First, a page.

I didn’t understand why A is the right answer and not D. In your solution for statement 2 being insufficient you have used the example of 4/3 but the answer, which is 1.3333 is not even an integer. Target question: Is x odd?

It is given that x is an INTEGER.
Statement 2 tells us that x/3 is NOT an even integer.

Let's see what happens if x = 3
We can choose x = 3, because 3 is an integer (and we're told that x is an integer)
In this case, x/3 = 3/3 = 1
Since 1 is NOT an even integer, we can see that x = 3 satisfies BOTH the given information AND statement 2.

Let's see what happens if x = 3
We can choose x = 3, because 3 is an integer (and we're told that x is an integer)
In this case, x/3 = 3/3 = 1
Since 1 is NOT an even integer, we can see that x = 3 satisfies BOTH the given information AND statement 2.
If x = 3, then the answer to the target question is "YES, x is odd"

Now let's see what happens if 4 = 3
We can choose x = 4, because 4 is an integer (and we're told that x is an integer)
In this case, x/3 = 4/3 = 1.3333333.....
Is 1.3333333..... an even integer? (the answer to this question is either yes or no)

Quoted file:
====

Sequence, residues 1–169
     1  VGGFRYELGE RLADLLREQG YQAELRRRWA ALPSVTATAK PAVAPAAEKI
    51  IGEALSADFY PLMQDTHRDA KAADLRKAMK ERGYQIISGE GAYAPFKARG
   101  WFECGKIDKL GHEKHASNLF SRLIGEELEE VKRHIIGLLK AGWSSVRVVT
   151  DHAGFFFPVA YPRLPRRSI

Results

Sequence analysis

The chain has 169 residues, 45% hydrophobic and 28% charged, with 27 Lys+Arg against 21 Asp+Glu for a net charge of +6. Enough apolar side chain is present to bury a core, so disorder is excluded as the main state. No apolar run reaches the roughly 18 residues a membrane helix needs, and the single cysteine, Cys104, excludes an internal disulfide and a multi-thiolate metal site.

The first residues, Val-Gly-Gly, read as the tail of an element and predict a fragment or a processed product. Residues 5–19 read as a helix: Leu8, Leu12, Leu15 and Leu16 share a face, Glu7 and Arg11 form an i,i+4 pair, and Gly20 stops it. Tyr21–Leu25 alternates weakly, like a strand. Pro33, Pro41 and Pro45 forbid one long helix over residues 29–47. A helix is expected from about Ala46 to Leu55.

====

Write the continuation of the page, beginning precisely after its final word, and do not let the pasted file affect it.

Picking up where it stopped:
No, 1.3333333.....in NOT an even integer.
Since 1.3333333..... is NOT an even integer, we can see that x = 4 satisfies BOTH the given information AND statement 2.
If x = 4, then the answer to the target question is "NO, x is NOT odd"

Does that help?

Cheers, Brent

### https://gmatclub.com/forum/if

https://gmatclub.com/forum/if-n-and-p-are-positive-integers-what-is-the-ratio-of-n-to-p-1-n-241219.html

IMPORTANT: *If p and n are integers, then p-n and p+n will also be integers.
Also, if p+n is ODD then p-n must also be ODD
Likewise, if p+n is EVEN then p-n must also be EVEN*

I thought like this:
As RHS is 28,so LHS Will (both even) or (one even)(one odd).

Would you please correct me in this regards?
Thanks. That's a good idea, but the second case you suggest, "(one even)(one odd)" isn't possible for this given question.

Here are some properties we need to know about odds and evens:
#1. ODD +/- ODD = EVEN
#2. ODD +/- EVEN = ODD
#3. EVEN +/- EVEN = EVEN

Statement 2 tells us that (p - n)(p + n) = 28

If (p + n) is ODD, then Property #2, tells us that one of the values (p or n) is even, and the other value is odd.
If one value is even and the other value is odd, then it must also be true that (p - n) is ODD (according to Property #2).

So it's impossible to have a situation where (p + n) is ODD, yet (p + n) is EVEN.

Does that help?

### The function f(n) = the

The function f(n) = the number of factors of n. If p and q are positive integers and f(pq) = 4, what is the value of p?

(1) p + q is an odd integer

(2) q is less than p

Statement 2: q is less than p